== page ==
Thursday, July 16, 2015



Spotlight on the new release A Lady of Good Family by Jeanne Mackin. A great historical fiction novel. Don't forget to enter the drawing for a $15 Gift Card for Amazon or B&N. The link is below!  

Publisher & Release Date: NAL, June 2, 2015  

Time and setting: 1895-1920, Europe & America

Genre: Historical Fiction

Length: 352 pages

Heat Level: 1 Scorching Hot Flame

Rating: 3.5 Gold Crowns

Book Description:

Raised among wealth and privilege during America’s fabled Gilded Age, a niece of famous novelist Edith Wharton and a friend to literary great Henry James, Beatrix Farrand is expected to marry, and marry well. But as a young woman traveling through Europe with her mother and aunt, she already knows that gardens are her true passion. 
 
How this highborn woman with unconventional views escapes the dictates of society to become the most celebrated female landscape designer in the country is the story of her unique determination to create beauty and serenity while remaining true to herself.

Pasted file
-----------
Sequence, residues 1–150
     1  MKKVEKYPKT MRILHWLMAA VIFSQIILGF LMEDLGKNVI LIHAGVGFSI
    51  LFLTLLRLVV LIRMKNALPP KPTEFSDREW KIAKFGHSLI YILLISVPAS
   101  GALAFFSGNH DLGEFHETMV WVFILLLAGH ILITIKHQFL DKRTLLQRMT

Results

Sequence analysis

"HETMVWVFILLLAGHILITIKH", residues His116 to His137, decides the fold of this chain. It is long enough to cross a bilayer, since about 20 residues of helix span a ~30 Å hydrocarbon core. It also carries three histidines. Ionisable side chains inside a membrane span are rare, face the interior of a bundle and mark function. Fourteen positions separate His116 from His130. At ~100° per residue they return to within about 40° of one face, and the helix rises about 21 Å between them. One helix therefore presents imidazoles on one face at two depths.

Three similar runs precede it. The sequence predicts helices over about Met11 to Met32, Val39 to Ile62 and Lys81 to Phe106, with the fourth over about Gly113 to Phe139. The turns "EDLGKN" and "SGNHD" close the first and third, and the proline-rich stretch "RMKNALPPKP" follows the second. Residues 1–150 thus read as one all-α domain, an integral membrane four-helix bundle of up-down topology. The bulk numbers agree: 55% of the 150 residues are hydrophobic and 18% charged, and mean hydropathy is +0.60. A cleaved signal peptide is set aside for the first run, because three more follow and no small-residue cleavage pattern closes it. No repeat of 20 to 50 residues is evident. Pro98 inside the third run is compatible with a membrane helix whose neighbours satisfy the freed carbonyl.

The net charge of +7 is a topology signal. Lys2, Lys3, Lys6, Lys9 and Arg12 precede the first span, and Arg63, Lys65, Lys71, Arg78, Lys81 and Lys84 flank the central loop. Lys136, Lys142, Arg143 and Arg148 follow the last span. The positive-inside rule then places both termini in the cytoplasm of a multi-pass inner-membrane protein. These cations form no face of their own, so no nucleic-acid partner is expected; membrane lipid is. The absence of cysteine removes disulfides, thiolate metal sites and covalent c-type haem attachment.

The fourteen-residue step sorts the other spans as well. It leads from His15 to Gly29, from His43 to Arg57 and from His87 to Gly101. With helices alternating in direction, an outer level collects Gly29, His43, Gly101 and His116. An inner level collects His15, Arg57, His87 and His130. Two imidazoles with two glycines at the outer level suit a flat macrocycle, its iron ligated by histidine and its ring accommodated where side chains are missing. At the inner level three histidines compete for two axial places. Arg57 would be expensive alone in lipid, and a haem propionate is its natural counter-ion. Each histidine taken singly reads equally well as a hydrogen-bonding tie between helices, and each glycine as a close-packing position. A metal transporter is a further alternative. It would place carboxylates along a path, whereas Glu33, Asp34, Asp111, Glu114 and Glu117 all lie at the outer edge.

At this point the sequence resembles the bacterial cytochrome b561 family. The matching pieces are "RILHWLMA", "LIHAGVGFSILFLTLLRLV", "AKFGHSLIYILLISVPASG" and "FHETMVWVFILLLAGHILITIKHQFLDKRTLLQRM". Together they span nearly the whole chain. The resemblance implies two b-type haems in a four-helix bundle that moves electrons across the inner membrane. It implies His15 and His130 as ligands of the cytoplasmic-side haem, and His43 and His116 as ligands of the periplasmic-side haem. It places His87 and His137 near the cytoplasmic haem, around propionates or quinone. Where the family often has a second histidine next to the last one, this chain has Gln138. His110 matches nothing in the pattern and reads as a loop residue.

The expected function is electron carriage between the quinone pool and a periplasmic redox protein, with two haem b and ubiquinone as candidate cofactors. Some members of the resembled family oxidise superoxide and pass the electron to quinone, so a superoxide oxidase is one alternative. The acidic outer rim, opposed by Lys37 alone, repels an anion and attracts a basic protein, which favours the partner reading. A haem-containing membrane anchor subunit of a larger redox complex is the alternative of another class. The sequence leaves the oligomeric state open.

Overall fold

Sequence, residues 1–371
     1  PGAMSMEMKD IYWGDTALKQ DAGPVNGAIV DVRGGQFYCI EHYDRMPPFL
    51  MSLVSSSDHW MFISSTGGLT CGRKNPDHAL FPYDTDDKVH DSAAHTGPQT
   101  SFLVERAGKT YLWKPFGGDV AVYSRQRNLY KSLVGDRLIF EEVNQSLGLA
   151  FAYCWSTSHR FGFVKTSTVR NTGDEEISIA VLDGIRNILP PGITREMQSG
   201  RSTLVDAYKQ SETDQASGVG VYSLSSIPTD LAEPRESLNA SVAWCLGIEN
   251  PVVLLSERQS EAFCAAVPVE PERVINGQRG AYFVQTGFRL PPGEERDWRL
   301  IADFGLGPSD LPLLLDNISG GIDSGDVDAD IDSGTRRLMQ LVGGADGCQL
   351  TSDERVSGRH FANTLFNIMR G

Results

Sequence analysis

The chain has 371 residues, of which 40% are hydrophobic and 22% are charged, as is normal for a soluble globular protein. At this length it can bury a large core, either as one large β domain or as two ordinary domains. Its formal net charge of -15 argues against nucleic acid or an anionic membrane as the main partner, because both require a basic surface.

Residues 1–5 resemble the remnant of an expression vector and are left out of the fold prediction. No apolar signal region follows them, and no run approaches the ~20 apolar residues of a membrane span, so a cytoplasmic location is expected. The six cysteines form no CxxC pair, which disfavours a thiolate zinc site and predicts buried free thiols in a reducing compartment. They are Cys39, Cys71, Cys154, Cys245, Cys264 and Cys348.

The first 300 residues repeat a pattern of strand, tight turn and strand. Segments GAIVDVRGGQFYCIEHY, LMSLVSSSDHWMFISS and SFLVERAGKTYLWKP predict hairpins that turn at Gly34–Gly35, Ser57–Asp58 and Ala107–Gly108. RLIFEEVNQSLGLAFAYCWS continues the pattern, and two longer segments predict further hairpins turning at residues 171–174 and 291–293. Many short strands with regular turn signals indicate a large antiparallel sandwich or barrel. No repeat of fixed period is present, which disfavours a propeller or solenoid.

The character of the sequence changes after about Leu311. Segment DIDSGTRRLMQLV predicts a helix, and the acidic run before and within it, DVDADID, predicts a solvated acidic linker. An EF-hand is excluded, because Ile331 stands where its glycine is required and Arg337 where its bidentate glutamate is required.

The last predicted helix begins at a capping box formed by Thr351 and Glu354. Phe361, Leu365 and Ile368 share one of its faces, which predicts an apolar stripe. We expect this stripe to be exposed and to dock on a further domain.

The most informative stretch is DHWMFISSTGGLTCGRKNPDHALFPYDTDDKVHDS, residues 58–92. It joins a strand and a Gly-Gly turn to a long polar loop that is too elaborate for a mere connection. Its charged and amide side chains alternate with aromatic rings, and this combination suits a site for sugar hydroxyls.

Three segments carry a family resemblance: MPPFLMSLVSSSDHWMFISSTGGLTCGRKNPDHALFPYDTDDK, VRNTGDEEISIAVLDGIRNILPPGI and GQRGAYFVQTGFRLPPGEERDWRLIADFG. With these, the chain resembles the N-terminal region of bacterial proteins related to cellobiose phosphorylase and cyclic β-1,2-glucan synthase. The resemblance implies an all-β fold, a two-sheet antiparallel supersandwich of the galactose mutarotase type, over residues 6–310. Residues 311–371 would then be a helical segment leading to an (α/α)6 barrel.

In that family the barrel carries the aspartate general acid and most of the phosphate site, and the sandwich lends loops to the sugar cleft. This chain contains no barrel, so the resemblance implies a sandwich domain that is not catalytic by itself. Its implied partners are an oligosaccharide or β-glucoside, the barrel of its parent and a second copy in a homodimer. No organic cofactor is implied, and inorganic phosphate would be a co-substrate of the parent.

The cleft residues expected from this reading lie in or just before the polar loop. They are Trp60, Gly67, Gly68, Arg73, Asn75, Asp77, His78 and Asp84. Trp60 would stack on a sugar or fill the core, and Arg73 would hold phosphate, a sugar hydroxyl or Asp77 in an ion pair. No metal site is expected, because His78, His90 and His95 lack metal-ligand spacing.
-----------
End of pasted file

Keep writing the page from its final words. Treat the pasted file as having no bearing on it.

Beatrix’s journey begins at the age of twenty-three in the Borghese Gardens of Rome, where she meets beguiling Amerigo Massimo, an Italian gentleman of sensitivity and charm—a man unlike any she has known before....

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Vikki’s Musings

I accepted this book from the publisher via Net-Galley in exchange for an honest review. A Lady of Good Family is a glimpse of what the later days of the Gilded Age must have been like in Europe and America. A time of privilege for member of society and the beginnings of the “Nouveau Riche” told in third person narrative by a fictional character to a group of friends in Massachusetts. It is the story of a remarkable woman, Beatrix Jones Farrand, a renowned landscape artist. It covers a visit to the continent to view the famous gardens in the various countries in 1895 and ends in 1920.